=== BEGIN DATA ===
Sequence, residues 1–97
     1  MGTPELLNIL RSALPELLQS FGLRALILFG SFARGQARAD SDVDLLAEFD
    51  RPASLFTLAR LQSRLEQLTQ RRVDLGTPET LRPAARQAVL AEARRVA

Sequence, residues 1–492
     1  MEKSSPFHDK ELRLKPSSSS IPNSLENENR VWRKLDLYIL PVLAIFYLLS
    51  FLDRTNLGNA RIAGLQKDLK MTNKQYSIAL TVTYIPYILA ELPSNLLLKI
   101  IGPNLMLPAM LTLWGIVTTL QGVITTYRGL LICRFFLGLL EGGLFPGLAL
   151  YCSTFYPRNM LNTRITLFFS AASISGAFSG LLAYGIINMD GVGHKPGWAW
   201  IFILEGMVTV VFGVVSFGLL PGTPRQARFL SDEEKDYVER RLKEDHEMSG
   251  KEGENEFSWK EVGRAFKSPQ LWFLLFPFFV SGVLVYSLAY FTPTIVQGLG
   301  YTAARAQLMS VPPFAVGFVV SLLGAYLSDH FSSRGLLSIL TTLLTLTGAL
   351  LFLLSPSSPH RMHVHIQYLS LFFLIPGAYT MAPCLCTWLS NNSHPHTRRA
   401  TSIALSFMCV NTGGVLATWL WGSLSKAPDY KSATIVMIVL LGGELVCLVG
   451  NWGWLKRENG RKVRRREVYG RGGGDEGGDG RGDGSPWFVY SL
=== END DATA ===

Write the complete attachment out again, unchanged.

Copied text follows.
Sequence, residues 1–97
     1  MGTPELLNIL RSALPELLQS FGLRALILFG SFARGQARAD SDVDLLAEFD
    51  RPASLFTLAR LQSRLEQLTQ RRVDLGTPET LRPAARQAVL AEARRVA

Sequence, residues 1–492
     1  MEKSSPFHDK ELRLKPSSSS IPNSLENENR VWRKLDLYIL PVLAIFYLLS
    51  FLDRTNLGNA RIAGLQKDLK MTNKQYSIAL TVTYIPYILA ELPSNLLLKI
   101  IGPNLMLPAM LTLWGIVTTL QGVITTYRGL LICRFFLGLL EGGLFPGLAL
   151  YCSTFYPRNM LNTRITLFFS AASISGAFSG LLAYGIINMD GVGHKPGWAW
   201  IFILEGMVTV VFGVVSFGLL PGTPRQARFL SDEEKDYVER RLKEDHEMSG
   251  KEGENEFSWK EVGRAFKSPQ LWFLLFPFFV SGVLVYSLAY FTPTIVQGLG
   301  YTAARAQLMS VPPFAVGFVV SLLGAYLSDH FSSRGLLSIL TTLLTLTGAL
   351  LFLLSPSSPH RMHVHIQYLS LFFLIPGAYT MAPCLCTWLS NNSHPHTRRA
   401  TSIALSFMCV NTGGVLATWL WGSLSKAPDY KSATIVMIVL LGGELVCLVG
   451  NWGWLKRENG RKVRRREVYG RGGGDEGGDG RGDGSPWFVY SL